When Apple announced at its April Spring Loaded event that the next generation of iPad Pro tablets would have a new face-following camera feature called Center Stage, I rejoiced. Finally, an intelligent camera to perfectly frame myself in video chats! But the reality turned out to be, frankly, rude.
Yes, my 11-inch iPad Pro (full disclosure: a loaned device from Apple) will skillfully pan and zoom to center my face and torso in video calls, essentially using the ultrawide camera yet cropping in to the most important subject (i.e. me). Normally – when it’s just me in the call as it has been throughout lockdown – the camera smoothly follows me should I lean in or out or walk around. All was well. And then I went back into the office.
That’s when I discovered that my coworker who sat (safely distanced) behind me would get recognized by the camera, which would pan and zoom to his movements, even if he was turned around. The nerve! My iPad Pro was giving my colleague co-star billing in my own picture!
Mr. DeMille, I’m ready for my work Zoom
Listen, I’m not a jealous tech reviewer. I’m happy for my iPad Pro to take video calls with other writers. Really! I can share. But when I’m in the middle of gesturing to illustrate a grandiose metaphor and the camera starts slowly zooming to match the movement of my unaware coworker, I am justifiably peeved.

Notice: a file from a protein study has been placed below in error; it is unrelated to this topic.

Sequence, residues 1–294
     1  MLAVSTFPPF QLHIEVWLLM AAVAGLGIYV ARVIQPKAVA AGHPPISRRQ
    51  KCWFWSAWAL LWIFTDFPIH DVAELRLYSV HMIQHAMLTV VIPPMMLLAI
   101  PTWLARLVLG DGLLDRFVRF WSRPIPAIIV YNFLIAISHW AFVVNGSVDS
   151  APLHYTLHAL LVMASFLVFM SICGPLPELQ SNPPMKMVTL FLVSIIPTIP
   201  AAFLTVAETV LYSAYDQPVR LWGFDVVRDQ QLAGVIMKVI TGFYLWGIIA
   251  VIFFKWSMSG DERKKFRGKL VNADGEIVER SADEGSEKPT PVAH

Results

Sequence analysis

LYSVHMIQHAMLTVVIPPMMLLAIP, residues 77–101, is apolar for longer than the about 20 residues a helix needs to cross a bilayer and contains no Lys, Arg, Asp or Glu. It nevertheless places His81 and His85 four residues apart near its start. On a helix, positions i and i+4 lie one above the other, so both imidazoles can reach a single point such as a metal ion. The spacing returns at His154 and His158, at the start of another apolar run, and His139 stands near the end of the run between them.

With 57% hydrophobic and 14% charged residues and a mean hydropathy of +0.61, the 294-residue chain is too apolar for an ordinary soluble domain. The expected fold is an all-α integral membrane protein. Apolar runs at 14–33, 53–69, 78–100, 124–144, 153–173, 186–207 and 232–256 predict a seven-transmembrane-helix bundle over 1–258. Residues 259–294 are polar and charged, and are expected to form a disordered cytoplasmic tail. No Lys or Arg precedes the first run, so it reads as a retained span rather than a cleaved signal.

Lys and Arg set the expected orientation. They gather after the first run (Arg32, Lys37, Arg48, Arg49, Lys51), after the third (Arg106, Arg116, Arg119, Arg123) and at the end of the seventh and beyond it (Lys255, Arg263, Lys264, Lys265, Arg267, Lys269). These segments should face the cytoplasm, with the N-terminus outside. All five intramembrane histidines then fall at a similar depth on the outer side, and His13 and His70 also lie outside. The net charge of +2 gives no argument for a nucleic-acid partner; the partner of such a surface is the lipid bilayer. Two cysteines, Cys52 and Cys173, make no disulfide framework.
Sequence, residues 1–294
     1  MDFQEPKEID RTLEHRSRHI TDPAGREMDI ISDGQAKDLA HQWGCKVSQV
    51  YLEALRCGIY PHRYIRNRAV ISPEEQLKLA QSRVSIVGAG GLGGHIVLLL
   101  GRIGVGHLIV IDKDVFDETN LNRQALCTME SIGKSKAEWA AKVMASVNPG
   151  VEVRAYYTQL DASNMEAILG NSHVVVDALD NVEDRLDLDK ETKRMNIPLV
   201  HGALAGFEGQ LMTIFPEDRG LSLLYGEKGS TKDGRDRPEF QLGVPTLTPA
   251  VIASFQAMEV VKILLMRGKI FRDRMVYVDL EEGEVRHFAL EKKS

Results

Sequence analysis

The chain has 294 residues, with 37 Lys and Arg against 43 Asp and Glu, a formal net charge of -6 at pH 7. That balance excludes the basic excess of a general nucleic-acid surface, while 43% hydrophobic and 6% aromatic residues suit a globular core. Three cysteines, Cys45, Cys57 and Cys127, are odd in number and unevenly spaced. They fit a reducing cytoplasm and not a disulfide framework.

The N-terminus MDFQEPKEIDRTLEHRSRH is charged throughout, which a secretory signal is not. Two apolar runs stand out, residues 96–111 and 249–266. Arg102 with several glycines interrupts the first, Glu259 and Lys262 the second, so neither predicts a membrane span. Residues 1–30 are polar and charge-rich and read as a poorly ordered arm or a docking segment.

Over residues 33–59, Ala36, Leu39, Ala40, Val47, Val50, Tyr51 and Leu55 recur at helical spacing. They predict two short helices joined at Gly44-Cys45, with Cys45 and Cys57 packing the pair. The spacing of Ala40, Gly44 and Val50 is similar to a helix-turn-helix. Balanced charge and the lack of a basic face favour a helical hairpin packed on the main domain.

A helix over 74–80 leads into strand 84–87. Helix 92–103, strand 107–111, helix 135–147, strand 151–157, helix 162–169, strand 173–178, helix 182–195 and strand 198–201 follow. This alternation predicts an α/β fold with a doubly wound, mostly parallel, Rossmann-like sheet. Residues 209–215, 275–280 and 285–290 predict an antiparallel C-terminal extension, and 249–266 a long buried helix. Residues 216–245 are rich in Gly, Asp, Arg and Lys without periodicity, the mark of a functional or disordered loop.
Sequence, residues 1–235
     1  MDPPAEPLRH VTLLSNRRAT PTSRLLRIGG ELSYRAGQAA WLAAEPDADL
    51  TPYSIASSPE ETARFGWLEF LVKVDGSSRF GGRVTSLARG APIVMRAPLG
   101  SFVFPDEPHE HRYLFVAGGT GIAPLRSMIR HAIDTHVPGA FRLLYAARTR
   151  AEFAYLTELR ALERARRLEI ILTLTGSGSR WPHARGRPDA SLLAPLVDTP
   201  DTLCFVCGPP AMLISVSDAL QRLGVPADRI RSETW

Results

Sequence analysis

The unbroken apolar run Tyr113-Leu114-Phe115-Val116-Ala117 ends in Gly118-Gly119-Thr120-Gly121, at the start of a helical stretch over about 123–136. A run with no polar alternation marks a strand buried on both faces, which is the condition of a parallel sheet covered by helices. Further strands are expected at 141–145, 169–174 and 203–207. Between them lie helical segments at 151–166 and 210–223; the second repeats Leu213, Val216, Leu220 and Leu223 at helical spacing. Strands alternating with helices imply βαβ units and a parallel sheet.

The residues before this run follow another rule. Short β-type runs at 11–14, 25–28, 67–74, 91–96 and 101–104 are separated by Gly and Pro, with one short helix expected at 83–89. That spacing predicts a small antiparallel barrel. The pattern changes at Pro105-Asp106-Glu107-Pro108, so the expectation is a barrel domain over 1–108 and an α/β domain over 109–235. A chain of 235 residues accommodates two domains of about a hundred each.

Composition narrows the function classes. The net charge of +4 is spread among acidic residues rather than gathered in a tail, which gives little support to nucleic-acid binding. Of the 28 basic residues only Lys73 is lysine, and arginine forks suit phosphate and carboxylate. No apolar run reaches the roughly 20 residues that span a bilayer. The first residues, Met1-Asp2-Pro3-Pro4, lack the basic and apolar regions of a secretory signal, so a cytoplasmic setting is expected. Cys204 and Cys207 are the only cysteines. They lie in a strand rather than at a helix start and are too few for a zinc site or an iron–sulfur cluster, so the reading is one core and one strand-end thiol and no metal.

This is obviously just the camera’s advanced tech trying to capture everything going on in the scene, and something I would never notice while working from home. Being in an office reveals just how much ambient movement gets picked up by the front-facing camera, which benefits calling from a group or handing the iPad off to someone else.
But my offense is rooted in how natural the pan-and-zoom action is, which almost feels like there’s an actual cameraman smoothly reframing the shot every time you shift position.
The effect is truly cinematic, and distracting (in the best way) for others on the call. It lets them know that there is a star being recorded – know what I mean?
It’s just rough when the focus gets shifted and a hypothetical subject of a film-quality video call suddenly, rudely, gets dropped from top billing because someone in the background moved enough to get noticed. I mean, is this a closed set or not?